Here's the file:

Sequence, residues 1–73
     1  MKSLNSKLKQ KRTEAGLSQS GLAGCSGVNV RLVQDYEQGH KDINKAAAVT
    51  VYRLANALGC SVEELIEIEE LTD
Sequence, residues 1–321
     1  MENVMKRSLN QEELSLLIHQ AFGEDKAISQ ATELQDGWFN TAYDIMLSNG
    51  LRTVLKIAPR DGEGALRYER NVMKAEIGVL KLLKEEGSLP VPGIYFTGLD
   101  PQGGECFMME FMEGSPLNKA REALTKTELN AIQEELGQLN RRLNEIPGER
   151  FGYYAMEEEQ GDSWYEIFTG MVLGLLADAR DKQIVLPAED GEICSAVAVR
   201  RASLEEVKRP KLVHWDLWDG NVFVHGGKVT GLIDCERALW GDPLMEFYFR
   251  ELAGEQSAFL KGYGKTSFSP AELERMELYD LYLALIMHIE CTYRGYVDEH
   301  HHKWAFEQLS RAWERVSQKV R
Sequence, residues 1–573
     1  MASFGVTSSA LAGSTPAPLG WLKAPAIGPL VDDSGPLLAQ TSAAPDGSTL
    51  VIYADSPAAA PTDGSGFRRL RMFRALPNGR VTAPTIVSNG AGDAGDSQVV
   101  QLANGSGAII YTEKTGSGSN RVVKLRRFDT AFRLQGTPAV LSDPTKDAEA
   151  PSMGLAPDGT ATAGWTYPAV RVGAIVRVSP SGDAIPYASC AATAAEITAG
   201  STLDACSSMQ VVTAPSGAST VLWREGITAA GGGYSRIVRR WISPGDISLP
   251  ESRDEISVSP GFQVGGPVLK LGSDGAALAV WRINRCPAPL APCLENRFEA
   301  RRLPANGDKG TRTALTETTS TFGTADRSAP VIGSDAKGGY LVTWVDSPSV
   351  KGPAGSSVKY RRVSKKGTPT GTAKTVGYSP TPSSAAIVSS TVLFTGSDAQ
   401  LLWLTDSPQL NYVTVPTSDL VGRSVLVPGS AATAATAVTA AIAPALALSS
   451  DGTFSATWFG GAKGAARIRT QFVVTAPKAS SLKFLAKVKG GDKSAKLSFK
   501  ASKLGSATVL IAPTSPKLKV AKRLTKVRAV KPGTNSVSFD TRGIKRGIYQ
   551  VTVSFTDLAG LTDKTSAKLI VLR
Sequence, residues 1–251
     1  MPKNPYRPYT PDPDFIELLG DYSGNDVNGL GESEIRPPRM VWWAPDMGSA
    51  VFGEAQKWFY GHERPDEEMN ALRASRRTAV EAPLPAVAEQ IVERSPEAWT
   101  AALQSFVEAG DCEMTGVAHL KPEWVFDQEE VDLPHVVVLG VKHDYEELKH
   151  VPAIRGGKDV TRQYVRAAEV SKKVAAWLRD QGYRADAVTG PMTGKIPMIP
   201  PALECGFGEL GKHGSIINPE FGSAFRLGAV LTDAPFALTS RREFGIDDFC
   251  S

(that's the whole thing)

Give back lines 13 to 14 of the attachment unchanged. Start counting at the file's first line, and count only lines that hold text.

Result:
     1  MASFGVTSSA LAGSTPAPLG WLKAPAIGPL VDDSGPLLAQ TSAAPDGSTL
    51  VIYADSPAAA PTDGSGFRRL RMFRALPNGR VTAPTIVSNG AGDAGDSQVV